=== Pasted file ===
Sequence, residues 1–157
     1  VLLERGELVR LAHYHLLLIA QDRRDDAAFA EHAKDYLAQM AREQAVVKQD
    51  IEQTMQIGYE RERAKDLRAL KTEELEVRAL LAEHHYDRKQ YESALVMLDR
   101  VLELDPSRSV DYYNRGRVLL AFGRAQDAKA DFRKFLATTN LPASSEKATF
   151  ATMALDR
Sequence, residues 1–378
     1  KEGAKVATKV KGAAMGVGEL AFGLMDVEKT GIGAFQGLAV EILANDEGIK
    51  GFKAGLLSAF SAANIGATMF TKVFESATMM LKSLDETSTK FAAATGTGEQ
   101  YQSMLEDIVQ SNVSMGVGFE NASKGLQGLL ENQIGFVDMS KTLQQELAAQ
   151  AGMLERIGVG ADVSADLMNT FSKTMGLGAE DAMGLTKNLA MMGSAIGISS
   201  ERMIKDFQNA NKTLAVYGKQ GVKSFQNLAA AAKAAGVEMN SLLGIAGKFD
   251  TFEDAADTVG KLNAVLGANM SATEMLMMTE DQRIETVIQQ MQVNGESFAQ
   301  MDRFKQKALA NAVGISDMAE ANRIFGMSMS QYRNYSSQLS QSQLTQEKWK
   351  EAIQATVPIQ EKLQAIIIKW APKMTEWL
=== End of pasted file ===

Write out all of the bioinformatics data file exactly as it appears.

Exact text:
Sequence, residues 1–157
     1  VLLERGELVR LAHYHLLLIA QDRRDDAAFA EHAKDYLAQM AREQAVVKQD
    51  IEQTMQIGYE RERAKDLRAL KTEELEVRAL LAEHHYDRKQ YESALVMLDR
   101  VLELDPSRSV DYYNRGRVLL AFGRAQDAKA DFRKFLATTN LPASSEKATF
   151  ATMALDR
Sequence, residues 1–378
     1  KEGAKVATKV KGAAMGVGEL AFGLMDVEKT GIGAFQGLAV EILANDEGIK
    51  GFKAGLLSAF SAANIGATMF TKVFESATMM LKSLDETSTK FAAATGTGEQ
   101  YQSMLEDIVQ SNVSMGVGFE NASKGLQGLL ENQIGFVDMS KTLQQELAAQ
   151  AGMLERIGVG ADVSADLMNT FSKTMGLGAE DAMGLTKNLA MMGSAIGISS
   201  ERMIKDFQNA NKTLAVYGKQ GVKSFQNLAA AAKAAGVEMN SLLGIAGKFD
   251  TFEDAADTVG KLNAVLGANM SATEMLMMTE DQRIETVIQQ MQVNGESFAQ
   301  MDRFKQKALA NAVGISDMAE ANRIFGMSMS QYRNYSSQLS QSQLTQEKWK
   351  EAIQATVPIQ EKLQAIIIKW APKMTEWL